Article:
Fifteen Minute History Last year I did a U3A mini-course on the Ottoman Empire, and I listened to a very detailed series called “Empires of History – the Ottoman Series” that ran out of puff long before the Ottoman empire did. It was rather disconcerting listening to a podcast where the narrator pronounced “Anatolia” as Anna-toll-ee and pronounced “cavalry” as “Calvary”. But these two podcasts, called simply enough “History of the Ottoman Empire” are done by fair dinkum historians, and they’re detailed enough without being too detailed. Episode 26 is Part 1, talking about the rise of the Ottoman empire and Episode 27 is Part 2, where Barbara Petzen describes the concept of ‘fall’ in empire history, particularly in relation to the Ottoman Empire
And on a related, but not the same, topic, there is Carter Vaughn Findley, Humanities Distinguished Professor in the Department of History at the Ohio State University, in Episode 31: Who are the Turks?who points out that it is mainly language that unites ‘the Turks’, who are not one racial group at all. Which is a bit inconvenient for Turkish nationalists like Erdogan.
Boyer Lectures (ABC). I’m listening to the three-part 2019 Boyer Lectures, given by Rachel Perkins. She has a beautiful speaking voice, and as you might expect from the Boyer Lectures, these are beautifully crafted. Her lectures, subtitled ‘The End of the Silence’ refer back to the very first Boyer Lecture given by William Stanner, who spoke of the Great Australia Silence. In Episode 1 she talks about the genesis of the Uluru statement, and in Episode 2 about the succession of previous attempts to have an Aboriginal ‘voice’. (It makes me so cross: “tell us what you want” says the government, and then as soon as they do, in clear terms, the government says “well, not that”.) Episode 3 returns to the Uluru statement, and its call for a Makarrata Commission, and truth-telling about the Frontier Wars and the fundamental untruth that lies under European colonization. Very good.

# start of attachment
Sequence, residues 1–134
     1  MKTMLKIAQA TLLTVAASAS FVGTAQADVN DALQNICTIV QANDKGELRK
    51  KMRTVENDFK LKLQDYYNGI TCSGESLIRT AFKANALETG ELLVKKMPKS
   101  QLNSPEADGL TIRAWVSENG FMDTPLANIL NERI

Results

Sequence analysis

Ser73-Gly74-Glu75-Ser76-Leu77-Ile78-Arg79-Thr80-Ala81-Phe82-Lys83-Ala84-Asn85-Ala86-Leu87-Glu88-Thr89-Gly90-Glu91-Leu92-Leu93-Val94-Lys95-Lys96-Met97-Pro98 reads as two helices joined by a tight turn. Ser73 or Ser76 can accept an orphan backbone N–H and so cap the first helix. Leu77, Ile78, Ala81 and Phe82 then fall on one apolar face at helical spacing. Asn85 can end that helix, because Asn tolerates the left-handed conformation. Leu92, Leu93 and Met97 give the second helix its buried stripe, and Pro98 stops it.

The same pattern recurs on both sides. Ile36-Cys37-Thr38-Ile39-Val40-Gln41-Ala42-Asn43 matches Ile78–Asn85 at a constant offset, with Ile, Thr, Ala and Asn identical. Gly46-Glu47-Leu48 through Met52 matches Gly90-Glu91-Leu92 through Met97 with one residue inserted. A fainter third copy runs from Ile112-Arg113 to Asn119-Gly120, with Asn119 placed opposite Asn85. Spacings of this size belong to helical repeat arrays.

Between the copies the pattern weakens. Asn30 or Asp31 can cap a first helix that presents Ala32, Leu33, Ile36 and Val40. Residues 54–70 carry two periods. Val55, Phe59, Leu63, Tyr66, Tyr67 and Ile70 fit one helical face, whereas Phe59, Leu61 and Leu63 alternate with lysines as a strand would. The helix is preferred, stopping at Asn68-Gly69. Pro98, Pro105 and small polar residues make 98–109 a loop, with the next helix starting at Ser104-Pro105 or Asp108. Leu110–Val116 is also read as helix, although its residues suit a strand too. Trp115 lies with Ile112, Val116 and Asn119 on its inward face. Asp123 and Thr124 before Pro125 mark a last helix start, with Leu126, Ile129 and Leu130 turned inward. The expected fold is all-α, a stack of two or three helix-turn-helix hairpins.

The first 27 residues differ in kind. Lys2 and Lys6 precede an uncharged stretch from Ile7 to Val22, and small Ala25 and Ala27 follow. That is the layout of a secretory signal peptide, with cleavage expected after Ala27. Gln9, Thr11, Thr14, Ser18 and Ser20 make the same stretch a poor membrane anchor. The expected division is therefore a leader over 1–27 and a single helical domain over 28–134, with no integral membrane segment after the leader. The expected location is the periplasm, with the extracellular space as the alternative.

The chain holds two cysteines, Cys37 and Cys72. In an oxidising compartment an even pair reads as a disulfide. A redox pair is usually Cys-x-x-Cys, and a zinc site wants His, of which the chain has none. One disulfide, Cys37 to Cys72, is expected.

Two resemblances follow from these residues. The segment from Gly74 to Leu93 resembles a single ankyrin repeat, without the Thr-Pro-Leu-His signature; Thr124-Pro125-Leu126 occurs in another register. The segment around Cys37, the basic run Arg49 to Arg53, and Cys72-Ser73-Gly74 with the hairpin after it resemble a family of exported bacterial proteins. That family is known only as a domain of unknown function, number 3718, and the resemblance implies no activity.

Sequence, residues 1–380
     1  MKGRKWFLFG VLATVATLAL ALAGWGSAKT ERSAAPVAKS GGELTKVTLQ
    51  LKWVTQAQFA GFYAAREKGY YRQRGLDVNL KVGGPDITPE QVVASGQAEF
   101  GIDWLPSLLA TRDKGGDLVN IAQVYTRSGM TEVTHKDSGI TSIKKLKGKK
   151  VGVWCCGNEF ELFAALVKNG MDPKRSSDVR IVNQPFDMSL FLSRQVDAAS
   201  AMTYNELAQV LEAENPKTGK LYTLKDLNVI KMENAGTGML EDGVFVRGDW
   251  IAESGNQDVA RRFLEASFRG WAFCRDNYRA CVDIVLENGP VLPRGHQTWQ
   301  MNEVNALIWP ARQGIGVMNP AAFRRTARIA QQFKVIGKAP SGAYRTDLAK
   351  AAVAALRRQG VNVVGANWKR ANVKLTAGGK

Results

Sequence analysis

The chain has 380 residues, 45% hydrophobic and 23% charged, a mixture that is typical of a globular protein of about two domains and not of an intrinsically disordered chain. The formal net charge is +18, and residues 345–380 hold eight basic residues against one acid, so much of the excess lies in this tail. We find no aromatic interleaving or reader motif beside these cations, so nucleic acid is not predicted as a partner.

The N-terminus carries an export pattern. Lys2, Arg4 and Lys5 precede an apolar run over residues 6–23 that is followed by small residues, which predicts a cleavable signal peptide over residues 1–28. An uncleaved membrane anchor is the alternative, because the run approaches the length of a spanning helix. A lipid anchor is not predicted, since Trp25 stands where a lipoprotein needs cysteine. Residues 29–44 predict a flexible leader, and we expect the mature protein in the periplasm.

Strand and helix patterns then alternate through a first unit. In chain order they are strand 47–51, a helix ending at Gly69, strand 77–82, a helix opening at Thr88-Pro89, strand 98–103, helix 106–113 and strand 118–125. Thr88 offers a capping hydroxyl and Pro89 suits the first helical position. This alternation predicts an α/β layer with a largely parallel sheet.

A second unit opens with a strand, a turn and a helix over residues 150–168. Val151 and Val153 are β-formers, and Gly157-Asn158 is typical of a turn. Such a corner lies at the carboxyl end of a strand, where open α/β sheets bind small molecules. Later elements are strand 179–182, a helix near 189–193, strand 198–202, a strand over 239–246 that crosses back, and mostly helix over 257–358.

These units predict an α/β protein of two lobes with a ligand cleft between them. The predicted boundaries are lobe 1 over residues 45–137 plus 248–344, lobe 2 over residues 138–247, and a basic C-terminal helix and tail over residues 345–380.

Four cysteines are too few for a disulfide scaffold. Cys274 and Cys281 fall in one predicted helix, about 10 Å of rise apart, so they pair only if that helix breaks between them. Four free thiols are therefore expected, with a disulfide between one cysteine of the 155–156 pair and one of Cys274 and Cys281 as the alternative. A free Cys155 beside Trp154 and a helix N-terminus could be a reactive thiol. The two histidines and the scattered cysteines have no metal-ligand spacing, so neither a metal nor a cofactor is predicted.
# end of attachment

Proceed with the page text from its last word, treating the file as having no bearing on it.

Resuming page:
History Listen (ABC) Another oldie from November 2019, The Brazen Women of Silent Film features two different stories. The first is of Annette Kellerman, the swimmer and film star, who actually appeared nude in a 1916 movie. She could hold her breath for over three minutes! See also the excellent NFSA online exhibition “Annette Kellerman: Australia’s Fearless Mermaid.” The second feature is about the McDonagh Sisters: Isabel, Phyllis and Paulette who formed their own film company and used Drummoyne House, which they were then running as an aged care hostel, as the setting for many of their films. I’d never heard of them, I must admit.